Sunday, 16 August 2009

What do you MEAN you've never heard...

Rage Against the Machine??

Their 1992 self-titled debut is surely a musical rites of passage for teenagers everywhere - I've met surprisingly few people who didn't grow up with this album. Tom Morello and the band's relentless alt.metal riffage assault must work in tandem with the most explicitly anti-authority lyrics any 14-year-old was/is likely to come across. So RATM was the perfect hormonal release, and at that age not much thought went in to the Zack De La Rocha's words beyond 'shit, he's got some problems too...'. It's funny, because in school this was the only music anybody could universally agree on, it spoke to that barely-suppressed torrent of teenage angst. Kids had problems with bullies, parents, puberty, and this album always did the trick - people went mental when RATM came on.
So what can I say about this album in the 'sober light' of adulthood? Hmm. It's been a good few years. It gives me kicks of a different sort now, which manifest themselves in much the same way - hyperactivity and indignation. I've come full circle in terms of my worldview and, this being something of a manifesto of left-wing sloganeering clearly written to be screamed on the street, RATM ticks all the right boxes. One can't escape the knowledge that this debut album (at the very least) should have been de-licensed for free distribution amongst the populace once the group broke up, but it hasn't been. Hopefully this full-quality download (with artwork scans) will make a notch in some blowhard bank accounts... yeah, right!

So you've got the rage there, clearly. Rage against capitalism, exploitation, suppression, greed, religion, inequality and the general population's booze 'n' lard-fed apathy in the face of it all. It's a direct challenge to mainstream beliefs of the time (and now); very much a product of the disillusioned underground swell that bubbled under the surface of Reaganite Bullshit America. Bill Hicks spoke to that youth with comedy and reason, Rage with music and reason.
And musically? Sure, RATM almost single-handedly kicked off the vogue for rap-metal as a means of delivery, and this might understandably send retrospective shudders at that culmination of hip-hop's influence on metal: 'nu-metal'. But nu-metal this ain't. This is the best underground hardcore punk and metal of the 80's, condensed, fed through a Jimmy Page cookie cutter for catchy-ass riffs, and infused with the political activism of Public Enemy. Morello's guitar is more 'metal' on this, but shows early signs of the hip-hop/electronic sound it would later assume, and the occasional flourishes of slap bass are rather anachronous... but all is forgiven as it's heavy as fuck and never misses a step. RATM doesn't pretend to be the answer all wrapped up in a neat little package, but it's such a forceful and compelling wake-up call you'd need to be completely beyond the McPale to not sit up and listen.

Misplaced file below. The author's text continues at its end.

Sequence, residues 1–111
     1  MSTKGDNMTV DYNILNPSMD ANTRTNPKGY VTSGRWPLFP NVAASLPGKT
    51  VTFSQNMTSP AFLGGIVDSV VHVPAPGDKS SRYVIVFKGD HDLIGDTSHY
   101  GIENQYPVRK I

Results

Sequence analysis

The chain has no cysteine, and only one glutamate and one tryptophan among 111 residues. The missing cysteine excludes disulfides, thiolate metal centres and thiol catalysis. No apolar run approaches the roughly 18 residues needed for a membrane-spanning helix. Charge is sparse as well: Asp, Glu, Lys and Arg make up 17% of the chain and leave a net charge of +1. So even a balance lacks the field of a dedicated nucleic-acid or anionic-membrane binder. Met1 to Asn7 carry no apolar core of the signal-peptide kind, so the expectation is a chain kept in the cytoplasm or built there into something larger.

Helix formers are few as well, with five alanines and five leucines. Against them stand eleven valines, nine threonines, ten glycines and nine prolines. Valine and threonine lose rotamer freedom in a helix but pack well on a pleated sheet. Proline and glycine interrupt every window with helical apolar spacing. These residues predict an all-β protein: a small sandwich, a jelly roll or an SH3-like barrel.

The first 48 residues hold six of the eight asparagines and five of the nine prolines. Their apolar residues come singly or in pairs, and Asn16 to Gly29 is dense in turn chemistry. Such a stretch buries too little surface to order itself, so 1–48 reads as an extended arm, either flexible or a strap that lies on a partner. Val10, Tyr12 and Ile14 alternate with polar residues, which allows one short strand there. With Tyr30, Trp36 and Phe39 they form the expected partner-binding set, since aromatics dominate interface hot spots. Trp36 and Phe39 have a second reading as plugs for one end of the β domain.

If you missed out on jumping around a room and throwing chairs to 'Killing In the Name's final refrain (you'll see what I mean), then you should jump on board right now and see what you done missed. And don't pretend you're too highbrow for it, because we both see through that smokescreen. Testosterone booster strictly optional.

Origins of the artwork
Bonus wisdom


Marilyn Roxie said...

YEAAAAAAH, this is a great album! Them getting lumped into 'nu-metal' is ridiculous(their tag cloud on Lastfm is a bit scary), which they were/are certainly far above. And this was one of my Mom's fav bands in the 90s and that's how I heard RATM :D

Molecules said...

haha, I think the coolest music my mum played was either NEIL DIAMOND or the 'American Civil War Songs' cassette picked up on hols... that had some anti-war classics still! 'Bullet in the head' is really impressing me at the momet; stupidly it never occurred that 'in-house drive by' meant TV! I feel sorry for people that don't have this record... thus postidge